Realities of Self-Employment: A Look Into the Booming Freelance Market
More and more people are switching from being regular employees to start thier own business and become their own bosses. Last year, there were 59 million people doing freelance work in the United States alone. That number keeps growing worldwide.
As freelancing continues to grow and the freelance market expands, one survey showed that five out of six freelance workers reached their income goals within two years into their career. And almost half (42%) of freelancers who reached their income goals within a year were twice as likely to earn more than $75,000 per year.
Data also show that self-employment is not only highly rewarding for the entrepreneur, but it also benefits the economy. This is evident in that self-employed persons create jobs for many people and earn more than employees working for wages and salaries.
In other words, freelancers today are happy and prospering. And based on those stats and benefits of self-employment, it's safe to say that self-employment and freelancing are a viable career path for anyone with some pertinent skills and business sense.
However, with all of the hype and positive talk about freelancing, is it all too good to be true? Are there stresses and pressures when you're self-employed than what is typically revealed or what it seems to be?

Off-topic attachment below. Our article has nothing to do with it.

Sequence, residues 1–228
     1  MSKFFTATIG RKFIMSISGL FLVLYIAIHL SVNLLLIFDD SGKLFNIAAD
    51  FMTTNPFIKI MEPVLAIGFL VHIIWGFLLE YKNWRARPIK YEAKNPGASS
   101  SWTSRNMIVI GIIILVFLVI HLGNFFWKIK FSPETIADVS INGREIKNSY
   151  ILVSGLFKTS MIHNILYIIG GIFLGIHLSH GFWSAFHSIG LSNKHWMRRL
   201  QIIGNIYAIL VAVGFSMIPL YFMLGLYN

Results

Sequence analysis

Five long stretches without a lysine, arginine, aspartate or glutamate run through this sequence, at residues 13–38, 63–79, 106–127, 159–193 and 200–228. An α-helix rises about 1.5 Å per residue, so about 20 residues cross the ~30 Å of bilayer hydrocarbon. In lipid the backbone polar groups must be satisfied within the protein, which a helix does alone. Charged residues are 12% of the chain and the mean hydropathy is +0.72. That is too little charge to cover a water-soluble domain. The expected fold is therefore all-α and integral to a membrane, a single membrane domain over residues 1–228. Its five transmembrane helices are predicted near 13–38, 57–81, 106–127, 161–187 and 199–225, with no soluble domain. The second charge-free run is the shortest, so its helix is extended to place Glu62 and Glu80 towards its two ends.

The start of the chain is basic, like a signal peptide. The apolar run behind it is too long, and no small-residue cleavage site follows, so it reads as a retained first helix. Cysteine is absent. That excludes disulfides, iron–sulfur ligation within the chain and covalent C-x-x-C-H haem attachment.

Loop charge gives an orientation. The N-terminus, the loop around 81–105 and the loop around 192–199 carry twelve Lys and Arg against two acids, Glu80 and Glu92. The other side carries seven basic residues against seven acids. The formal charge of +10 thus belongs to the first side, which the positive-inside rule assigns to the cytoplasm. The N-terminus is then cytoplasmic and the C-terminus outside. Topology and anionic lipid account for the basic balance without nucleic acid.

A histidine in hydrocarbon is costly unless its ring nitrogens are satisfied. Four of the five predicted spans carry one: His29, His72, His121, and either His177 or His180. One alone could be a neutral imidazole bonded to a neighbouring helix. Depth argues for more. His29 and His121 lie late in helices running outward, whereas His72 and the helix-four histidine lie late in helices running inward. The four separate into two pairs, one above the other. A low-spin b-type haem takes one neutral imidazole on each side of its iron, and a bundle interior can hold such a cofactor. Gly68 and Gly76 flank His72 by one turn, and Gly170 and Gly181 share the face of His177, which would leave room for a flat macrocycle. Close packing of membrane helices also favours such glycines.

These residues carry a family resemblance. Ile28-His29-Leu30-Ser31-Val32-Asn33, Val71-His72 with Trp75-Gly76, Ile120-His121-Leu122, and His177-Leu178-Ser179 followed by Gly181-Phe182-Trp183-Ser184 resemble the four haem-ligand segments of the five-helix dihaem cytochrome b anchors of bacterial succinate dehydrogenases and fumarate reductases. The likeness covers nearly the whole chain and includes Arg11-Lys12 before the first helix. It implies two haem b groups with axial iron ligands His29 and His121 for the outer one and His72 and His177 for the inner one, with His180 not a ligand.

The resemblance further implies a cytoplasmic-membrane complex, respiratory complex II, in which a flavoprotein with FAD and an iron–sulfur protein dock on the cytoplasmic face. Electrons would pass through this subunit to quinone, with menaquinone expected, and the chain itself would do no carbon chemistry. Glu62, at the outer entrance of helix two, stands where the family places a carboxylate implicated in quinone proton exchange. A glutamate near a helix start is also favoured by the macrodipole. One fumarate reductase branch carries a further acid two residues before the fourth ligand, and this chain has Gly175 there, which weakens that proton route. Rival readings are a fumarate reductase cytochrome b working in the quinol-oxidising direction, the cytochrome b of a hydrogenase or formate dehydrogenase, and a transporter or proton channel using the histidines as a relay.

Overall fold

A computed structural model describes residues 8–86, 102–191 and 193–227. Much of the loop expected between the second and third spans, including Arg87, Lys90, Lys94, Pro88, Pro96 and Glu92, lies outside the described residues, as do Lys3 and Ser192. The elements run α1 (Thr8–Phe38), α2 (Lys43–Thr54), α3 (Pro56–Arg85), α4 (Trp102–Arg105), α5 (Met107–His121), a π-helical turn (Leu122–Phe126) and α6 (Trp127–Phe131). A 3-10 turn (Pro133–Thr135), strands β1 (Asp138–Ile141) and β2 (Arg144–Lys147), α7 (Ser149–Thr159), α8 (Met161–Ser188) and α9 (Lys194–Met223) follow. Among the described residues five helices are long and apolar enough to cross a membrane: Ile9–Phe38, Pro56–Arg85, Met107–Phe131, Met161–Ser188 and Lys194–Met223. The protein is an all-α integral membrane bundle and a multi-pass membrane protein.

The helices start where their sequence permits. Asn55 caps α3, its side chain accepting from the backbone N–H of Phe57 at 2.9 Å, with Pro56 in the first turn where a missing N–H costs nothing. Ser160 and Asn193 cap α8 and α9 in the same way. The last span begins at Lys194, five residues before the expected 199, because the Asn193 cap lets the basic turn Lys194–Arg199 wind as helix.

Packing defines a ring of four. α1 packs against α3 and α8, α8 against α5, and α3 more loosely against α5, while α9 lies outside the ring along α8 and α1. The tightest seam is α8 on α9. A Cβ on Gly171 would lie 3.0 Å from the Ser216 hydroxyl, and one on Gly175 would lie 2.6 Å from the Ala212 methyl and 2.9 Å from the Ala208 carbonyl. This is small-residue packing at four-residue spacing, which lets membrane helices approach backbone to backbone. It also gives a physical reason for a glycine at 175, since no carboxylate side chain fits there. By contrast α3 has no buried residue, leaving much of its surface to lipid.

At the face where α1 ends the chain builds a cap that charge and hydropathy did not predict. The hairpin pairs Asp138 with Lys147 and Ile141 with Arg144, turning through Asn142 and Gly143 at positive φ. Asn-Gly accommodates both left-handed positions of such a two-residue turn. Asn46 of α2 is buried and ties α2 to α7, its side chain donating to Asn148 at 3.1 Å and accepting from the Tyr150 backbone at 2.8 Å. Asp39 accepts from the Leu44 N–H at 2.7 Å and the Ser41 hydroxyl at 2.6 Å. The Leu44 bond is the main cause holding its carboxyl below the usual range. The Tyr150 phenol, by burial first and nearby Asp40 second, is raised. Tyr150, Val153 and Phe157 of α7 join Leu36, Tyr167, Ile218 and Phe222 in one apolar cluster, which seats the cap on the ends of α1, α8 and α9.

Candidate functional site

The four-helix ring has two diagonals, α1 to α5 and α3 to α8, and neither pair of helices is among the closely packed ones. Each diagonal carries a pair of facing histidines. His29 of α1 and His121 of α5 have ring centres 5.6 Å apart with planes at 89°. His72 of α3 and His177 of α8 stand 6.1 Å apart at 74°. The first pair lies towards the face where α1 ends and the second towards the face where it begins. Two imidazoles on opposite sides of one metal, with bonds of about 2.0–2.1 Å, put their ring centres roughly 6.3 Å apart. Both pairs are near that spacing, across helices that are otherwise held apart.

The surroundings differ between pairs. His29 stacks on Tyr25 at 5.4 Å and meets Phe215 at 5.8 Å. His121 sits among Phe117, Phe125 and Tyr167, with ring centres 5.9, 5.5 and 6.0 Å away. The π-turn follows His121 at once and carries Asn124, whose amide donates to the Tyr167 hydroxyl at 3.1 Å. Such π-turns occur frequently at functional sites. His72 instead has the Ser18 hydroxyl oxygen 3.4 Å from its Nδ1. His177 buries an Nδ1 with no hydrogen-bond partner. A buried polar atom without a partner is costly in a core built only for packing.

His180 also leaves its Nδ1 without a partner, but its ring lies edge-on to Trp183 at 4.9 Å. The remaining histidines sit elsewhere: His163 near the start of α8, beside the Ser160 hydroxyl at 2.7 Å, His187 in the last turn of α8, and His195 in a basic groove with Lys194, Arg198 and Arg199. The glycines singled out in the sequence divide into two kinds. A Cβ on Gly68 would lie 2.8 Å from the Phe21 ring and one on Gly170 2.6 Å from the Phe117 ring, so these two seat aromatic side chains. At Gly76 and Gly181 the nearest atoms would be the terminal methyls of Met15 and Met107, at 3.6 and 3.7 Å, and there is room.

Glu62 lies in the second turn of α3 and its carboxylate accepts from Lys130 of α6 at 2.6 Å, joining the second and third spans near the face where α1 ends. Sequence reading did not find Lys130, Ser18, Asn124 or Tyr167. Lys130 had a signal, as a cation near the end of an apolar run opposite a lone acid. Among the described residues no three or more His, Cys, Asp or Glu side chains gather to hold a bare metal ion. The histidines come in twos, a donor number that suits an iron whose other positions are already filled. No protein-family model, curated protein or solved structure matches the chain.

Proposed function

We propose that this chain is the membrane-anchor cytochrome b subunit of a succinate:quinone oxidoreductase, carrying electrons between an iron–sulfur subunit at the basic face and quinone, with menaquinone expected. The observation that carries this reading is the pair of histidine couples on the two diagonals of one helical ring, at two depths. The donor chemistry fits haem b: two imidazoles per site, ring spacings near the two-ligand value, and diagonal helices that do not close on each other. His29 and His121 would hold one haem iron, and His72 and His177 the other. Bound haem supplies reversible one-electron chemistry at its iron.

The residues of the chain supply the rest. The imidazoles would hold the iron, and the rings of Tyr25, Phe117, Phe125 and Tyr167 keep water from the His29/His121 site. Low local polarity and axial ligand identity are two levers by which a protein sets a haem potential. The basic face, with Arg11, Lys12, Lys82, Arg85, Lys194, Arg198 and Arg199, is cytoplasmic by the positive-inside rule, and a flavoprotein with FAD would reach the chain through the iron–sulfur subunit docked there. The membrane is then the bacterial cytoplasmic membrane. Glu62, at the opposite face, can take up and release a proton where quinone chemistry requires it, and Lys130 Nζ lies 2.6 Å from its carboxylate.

Yes, the realities of frelancing is not all rosy.
The Not So Rosy Side of Freelancing and Self-Employment
Let's take a look at the less glamorous realities of self-employment and freelancing to make things more clear. It's not all rainbows and butterflies, you know.
1. Missed Social Events
One of the perks of being self-employed is that you don't have to answer to and please your boss anymore. But with great power comes great responsibility indeed, because now you have to find a way to please your clients instead.
As a freelancer, you wil have many clients at the same time. And most of the time, they have different ideas and goals that you have to take into consideration in your work.
Unlike your regular job where the work hours are structured and organized, being self-employed means that you have to do the job given to you when it's given to you. This may lead you to work and stay up on the weekend to get a project done, and then start working on the next one. It can be difficult to create an organized and well-balanced schedule between work and personal life.
One self-employed study showed that 22.2% of their respondents miss important social events and occasions a few times a year. It is followed by 19.4% of respondents saying that they miss important events every week, and 18% of them choose working over attending occasions every two weeks. Also, 60% of freelancers regularly find themselves working every weekend or every other weekend.
Although this can be detrimental to one's health in the long run, missing important events and occasions to work on weekends is inevitable for a freelancer. But it is still very important to maintain a balance between professional and personal obligations to avoid the risk of burning out so soon. You also have to communicate clearly with your loved ones to avoid damaging your relationship with them.
2. Unpredictable Income — More So in the Beginning